"The guy really is a threat everywhere as far as being exciting and finishing fights," Mir continued. "You never have to worry about him trying to drag a fight out or lay on you and look for a decision. The guy is super exciting. I think it is great to have him back climbing the ranks in the sport. I think it's great for the sport."
Arlovski said "it's an honor" to face Mir and that he is "extremely happy for him," before crediting the fellow former champion on his attributes.
"I have to keep in mind also he's not only a black belt [in Brazilian jiu-jitsu] he also has the power to knock people out," he said, and later added, "his last two victories over 'Bigfoot' and Duffee were amazing. It was impressive to me."
Mir said he was "surprised" when he got the call to fight Arlovski only a few days after knocking out Todd Duffee at UFC Fight Night 71, and that a longer build up to the 191 co-main event "would've been better" in his estimation, given the history between he and Arlovski.
The two heavyweights are both having a resurgence in their respective careers after being considered an afterthought for a period of time. After suffering a vicious knockout defeat to Sergei Kharitonov in 2011, to cap a career-low four-fight losing streak, Arlovski continued on to post a 6-1 (1) record and got a second shot in UFC.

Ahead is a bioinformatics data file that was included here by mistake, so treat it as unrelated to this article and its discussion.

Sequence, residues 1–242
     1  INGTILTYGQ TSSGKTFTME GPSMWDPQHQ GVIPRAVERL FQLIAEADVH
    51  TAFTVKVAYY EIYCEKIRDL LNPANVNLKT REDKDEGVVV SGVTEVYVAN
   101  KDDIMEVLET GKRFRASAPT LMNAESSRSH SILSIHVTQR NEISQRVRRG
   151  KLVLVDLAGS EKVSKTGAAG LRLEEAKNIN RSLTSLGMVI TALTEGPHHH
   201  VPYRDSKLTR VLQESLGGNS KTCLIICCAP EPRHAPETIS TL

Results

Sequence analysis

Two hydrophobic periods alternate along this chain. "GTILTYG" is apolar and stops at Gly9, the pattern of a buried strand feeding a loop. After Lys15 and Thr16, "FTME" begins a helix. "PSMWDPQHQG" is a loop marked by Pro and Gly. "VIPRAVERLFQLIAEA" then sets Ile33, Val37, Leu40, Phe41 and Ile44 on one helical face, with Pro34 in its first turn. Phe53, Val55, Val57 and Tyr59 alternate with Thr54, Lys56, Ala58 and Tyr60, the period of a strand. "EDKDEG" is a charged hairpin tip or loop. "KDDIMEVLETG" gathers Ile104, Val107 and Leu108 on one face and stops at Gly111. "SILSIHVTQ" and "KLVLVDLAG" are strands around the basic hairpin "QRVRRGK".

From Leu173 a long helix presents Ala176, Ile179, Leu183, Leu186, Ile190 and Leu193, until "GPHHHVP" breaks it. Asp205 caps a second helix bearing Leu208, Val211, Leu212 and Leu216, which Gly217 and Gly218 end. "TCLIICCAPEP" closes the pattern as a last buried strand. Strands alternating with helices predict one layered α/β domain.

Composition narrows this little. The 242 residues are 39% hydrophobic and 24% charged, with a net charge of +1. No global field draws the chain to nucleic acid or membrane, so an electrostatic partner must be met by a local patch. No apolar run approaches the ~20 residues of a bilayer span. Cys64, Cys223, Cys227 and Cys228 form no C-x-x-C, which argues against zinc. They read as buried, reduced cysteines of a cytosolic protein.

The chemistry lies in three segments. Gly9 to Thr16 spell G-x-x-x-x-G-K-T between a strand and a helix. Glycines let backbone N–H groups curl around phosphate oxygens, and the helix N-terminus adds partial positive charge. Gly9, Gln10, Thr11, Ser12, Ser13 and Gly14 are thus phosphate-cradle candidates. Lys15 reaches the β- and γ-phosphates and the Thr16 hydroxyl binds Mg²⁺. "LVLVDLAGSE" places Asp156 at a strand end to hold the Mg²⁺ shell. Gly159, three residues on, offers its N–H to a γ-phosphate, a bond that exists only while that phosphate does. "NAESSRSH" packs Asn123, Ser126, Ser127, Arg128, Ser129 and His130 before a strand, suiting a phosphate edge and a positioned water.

As for Mir, he also went on a four-fight losing streak and after dropping a decision to Alistair Overeem early in 2014, took a year off to recharge his competitive batteries and decide whether or not he wanted to continue to fight or not. Since his return, he has won both of his fights by knockout and is now ranked No. 10 in the UFC heavyweight division. Arlovski has won three straight, knocking out Travis Browne and Antonio Silva after winning a split decision over Brendan Schaub.
He is now ranked No. 4 and has found himself in title contention.
"For me, I think I became a smarter person and a fighter," said Arlovski. "I choose what's more important for me. I have a second run in the UFC and I know it's going to be better than the first one. I am going to do everything possible to be a champion again. I I just love what I'm doing right now and I feel great. I have fire in my eyes and I'm just ready to go and I'm excited to be a part of this great event on September 5th."